Decolonization, Cold war and The Construction of Modernization Theory

            The interesting point of this chapter is the Modernization Theory proposed by Walts Rostow.  The theory then called Walt Rostow’s Stages of Economic Growth. The theory of modernization rests an opistimistic version of economic growth models and on theories of stable change. A simple dichotomy is proposed between traditional and modern societies with modernization as the process of moving from one situation to the other. The theory of modernization was very influential in the 1950’s and 1960’s. However, modernization theory has subsequently been criticized for illegitimately generalizing the model of the West and more particularly the model of the USA.

            The theory of Rostow has stages comprise five-element sequence. The initial situation is traditional society which characterized as ‘one whose structure is developed within limited production functions, based on pre-Newtonian science and technology and on pre-Newtonian attitudes towards the physical world’. It is not always that the traditional society was wholly static. The improvements in agriculture indeed could enhance levels of living. Rostow characterize traditional society in terms of its agricultural base, clan-based polity and fatalistic mentality. However, the absence of modern science and technology imposed inevitable limits in the society.

            The second stage of the process has to establish the pre-conditions for take-off into self-sustained growth. The stage is exemplified by medieval society disintegrates, modern secience grows and trade develops. In this period the possibilities for production opened up by modern science find acceptance iwithin society and as a consequence the whole slow business of remaking traditional society begins. In seventeenth-century Britain reactive nationalism was generated by the wars against the Spanish, Dutch and French. Once the economic and social dynamic had been initiated it was quickly extended to other European states.

            The third stage, take off economic growth becomes normal. The typical rate of capital investment rises from five to ten percent of national income and a series of sectors of industry are quickly established. In the fourth stage of the drive to maturity there is a long period of progress with ten to twenty per cent of national income invested in new production capacity. There is a period of fine adjustment to social and institutional arrangements such that eventually a mature economy and society is established which rests on the absorption of home-generated new technologies. In stage five, the leading sectors from heavy industries shift away towards the provision of consumer durables and services in the consumer marketplace, and at the same time social welfare provisions are made. At this point the society in question has accomplished fully the shift from traditional to modern society, in the high mass consumption.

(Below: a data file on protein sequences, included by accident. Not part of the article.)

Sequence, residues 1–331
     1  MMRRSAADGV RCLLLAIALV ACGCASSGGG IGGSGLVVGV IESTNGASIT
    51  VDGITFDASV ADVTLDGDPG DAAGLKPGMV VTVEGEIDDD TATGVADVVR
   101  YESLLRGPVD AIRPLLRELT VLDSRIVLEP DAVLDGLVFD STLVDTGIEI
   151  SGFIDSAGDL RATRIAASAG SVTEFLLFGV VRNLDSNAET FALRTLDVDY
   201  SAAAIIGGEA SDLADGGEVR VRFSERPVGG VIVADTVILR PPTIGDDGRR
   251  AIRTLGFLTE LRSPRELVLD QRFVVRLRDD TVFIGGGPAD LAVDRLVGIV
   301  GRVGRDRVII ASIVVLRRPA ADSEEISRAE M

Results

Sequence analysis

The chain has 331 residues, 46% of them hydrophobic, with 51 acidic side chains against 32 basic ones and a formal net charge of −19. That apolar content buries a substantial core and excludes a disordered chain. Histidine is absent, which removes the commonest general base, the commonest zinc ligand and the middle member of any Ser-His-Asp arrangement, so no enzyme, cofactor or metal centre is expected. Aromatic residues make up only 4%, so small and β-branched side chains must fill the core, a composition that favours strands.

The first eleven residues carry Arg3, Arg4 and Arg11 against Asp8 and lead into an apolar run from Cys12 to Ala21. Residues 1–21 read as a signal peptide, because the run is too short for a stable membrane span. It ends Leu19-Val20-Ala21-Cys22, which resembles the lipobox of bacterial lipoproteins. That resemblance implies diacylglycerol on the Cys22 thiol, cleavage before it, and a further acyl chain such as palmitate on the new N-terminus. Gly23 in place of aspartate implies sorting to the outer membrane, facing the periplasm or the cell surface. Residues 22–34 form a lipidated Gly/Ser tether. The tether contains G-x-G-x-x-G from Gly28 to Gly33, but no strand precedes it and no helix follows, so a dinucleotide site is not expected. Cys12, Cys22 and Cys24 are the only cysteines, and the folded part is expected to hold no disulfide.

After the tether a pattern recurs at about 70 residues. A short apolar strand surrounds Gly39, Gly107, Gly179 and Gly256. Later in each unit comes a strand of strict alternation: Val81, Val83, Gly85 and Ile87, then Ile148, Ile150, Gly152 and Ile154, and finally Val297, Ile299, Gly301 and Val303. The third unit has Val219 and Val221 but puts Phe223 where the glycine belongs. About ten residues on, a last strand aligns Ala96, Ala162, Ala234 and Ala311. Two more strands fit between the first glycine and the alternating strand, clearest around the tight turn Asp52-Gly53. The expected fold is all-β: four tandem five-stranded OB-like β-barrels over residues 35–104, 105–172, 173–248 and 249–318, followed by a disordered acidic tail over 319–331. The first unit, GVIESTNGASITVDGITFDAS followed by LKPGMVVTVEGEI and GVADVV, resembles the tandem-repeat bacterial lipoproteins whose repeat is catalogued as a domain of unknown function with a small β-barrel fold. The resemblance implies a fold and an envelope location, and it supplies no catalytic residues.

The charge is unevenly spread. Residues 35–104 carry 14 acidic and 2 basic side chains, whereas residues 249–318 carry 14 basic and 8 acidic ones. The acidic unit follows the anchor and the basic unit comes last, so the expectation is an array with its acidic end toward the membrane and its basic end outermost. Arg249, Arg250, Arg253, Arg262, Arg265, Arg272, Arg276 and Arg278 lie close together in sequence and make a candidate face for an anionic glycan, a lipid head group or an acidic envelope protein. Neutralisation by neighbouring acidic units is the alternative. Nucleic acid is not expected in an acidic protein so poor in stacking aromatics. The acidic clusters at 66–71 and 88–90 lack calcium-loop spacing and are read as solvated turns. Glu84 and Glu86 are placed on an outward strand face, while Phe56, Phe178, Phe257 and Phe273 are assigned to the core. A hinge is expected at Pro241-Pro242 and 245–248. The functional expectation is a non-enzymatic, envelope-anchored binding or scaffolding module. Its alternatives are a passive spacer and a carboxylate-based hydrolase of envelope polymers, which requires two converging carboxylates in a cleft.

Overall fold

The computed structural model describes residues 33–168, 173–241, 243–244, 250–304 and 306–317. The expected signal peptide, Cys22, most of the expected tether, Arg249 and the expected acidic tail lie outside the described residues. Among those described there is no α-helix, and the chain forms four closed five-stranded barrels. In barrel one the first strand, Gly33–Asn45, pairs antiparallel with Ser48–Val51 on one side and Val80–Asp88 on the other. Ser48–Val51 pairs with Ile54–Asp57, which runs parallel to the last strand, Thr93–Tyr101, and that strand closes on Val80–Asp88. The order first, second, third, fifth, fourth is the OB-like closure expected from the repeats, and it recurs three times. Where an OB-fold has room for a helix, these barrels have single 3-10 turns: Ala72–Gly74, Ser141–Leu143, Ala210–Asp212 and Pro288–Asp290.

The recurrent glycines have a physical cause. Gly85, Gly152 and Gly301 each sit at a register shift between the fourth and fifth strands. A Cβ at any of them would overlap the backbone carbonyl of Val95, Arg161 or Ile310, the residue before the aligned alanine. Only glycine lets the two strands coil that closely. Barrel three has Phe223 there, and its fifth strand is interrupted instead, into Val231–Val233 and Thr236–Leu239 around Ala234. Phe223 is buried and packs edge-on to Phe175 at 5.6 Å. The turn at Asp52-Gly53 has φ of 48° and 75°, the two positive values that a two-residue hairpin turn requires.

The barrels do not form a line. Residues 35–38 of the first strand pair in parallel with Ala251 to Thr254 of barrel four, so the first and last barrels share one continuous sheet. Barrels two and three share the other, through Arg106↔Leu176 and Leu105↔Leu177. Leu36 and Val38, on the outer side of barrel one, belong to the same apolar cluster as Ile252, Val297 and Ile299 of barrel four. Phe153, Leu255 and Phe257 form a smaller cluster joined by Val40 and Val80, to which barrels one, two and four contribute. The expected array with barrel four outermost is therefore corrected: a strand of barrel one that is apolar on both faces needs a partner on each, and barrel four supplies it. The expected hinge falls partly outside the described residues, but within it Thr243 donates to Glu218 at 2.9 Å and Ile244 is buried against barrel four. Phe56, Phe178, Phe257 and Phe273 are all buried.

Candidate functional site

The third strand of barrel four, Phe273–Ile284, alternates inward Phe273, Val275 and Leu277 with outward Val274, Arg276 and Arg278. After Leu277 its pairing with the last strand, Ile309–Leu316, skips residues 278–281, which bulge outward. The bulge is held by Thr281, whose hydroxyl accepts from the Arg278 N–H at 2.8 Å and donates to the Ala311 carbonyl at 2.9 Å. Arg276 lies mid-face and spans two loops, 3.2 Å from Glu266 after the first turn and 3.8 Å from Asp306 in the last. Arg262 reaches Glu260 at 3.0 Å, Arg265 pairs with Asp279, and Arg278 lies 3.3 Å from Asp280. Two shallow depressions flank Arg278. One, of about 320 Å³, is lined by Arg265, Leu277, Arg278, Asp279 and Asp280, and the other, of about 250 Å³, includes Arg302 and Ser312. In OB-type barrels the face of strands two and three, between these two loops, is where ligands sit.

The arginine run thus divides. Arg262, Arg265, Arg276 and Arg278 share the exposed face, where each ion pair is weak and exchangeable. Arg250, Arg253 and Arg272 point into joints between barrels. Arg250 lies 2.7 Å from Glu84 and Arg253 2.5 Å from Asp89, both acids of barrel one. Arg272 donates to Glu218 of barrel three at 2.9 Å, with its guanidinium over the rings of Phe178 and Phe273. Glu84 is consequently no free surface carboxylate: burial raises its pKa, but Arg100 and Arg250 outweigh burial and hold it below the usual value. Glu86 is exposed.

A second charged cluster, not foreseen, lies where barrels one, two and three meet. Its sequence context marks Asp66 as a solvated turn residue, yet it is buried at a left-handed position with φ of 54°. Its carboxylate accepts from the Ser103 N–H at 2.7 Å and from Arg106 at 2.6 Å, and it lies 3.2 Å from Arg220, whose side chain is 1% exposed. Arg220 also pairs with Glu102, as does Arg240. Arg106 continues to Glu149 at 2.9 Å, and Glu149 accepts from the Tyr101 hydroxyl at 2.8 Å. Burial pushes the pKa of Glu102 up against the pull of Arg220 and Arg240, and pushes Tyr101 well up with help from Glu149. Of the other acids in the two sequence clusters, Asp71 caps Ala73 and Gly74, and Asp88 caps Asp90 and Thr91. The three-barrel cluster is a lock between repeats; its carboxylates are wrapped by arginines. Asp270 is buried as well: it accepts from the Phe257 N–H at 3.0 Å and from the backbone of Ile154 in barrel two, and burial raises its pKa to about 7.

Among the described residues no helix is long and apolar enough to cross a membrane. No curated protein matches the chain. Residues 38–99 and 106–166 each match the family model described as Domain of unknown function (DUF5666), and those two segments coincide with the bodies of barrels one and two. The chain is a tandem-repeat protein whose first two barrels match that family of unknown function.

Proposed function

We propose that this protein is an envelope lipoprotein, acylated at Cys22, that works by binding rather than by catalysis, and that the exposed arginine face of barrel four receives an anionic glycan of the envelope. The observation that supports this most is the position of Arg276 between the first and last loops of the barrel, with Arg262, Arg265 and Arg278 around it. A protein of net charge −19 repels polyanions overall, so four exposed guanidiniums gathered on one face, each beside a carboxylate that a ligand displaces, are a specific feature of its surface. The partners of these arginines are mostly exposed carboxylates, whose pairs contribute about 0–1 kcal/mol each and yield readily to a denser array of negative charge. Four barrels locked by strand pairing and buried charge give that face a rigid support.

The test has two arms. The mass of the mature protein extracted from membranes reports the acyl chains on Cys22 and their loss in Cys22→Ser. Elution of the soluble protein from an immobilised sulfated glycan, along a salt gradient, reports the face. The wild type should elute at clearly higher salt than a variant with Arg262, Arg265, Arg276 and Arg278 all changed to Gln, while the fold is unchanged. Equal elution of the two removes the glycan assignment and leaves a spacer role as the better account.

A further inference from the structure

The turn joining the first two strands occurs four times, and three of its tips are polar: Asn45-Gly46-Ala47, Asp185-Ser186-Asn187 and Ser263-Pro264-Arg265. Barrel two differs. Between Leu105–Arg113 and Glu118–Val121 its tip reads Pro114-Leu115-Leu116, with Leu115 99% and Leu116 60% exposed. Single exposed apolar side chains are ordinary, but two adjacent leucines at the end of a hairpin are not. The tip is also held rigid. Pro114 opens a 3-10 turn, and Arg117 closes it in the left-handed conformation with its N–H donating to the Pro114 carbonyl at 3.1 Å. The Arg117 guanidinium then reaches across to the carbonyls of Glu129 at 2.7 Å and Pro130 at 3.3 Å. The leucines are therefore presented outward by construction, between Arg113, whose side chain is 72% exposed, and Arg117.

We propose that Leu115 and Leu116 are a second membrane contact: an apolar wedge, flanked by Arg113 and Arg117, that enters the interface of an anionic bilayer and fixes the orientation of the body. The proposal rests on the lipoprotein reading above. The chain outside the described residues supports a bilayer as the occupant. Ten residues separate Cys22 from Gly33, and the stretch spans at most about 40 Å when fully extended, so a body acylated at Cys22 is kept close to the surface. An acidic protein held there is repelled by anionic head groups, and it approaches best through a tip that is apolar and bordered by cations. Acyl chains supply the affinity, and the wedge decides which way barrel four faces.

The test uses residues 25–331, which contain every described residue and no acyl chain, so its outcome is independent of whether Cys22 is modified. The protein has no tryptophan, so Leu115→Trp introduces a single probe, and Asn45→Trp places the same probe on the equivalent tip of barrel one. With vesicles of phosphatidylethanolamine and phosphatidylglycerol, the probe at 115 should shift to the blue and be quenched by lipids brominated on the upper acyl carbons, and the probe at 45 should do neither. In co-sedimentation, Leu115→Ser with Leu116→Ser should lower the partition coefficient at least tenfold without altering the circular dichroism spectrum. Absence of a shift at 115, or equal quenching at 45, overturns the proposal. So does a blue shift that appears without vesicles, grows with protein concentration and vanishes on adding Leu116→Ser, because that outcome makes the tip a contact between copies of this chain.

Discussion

f priva�X rp� �� work rests in part upon their treating human beings as essentially egoistical. Marx use the notion of alienation to analyze the way in which modern industrial capitalism acts to distort this basic human characteristic via the degradation of creative human labour into mere work. In The Economic and Philosophical Manuscripts alienation presents itself in four ways. In the first place, the worker is alienated from the product of his labour because in industrial capitalist society work is specialized, routinized and controlled by others. The worker’s products exist apart from him and it confronts him as the wealth of the capitalist, or abstractly as capital. Second, the worker is alienated from the act of production because routinization, specialization and submission to external control effectively destroy the typically human creativity of labour. Labour is not voluntary in capitalist society, rather it is coerced. Third, human beings are alienated from their ‘species being’ as capitalistic social relations degrade the collective human creation of self and society by reducing the social world to a vehicle for the satisfaction of private wants. Fourth, human beings are alienated from their fellows as capitalistic social relations are typically fragmentary. The fundamental contradiction of capitalist society is the private control of social production. In The German IdeologyMarx and Engels look forward to the effective overcoming of the present division of labour so that human beings would not be restricted to a particular sphere of activity.


The strategy of historical materialism

            In Contribution to the Critique of Political Economy (1859), there is the following summary formulation of the ‘materialist conception of history’: production constitutes the economic structure of society, the real foundation, on which rise a legal and political superstructure and to which correspond definite forms of social consciousness. … It is not the consciousness of men that determines their being, but, on the contrary, their social being that determines their consciousness.

Overall, Marx is arguing that human beings make their own patterns of life and themselves in creative and cooperative human labour.


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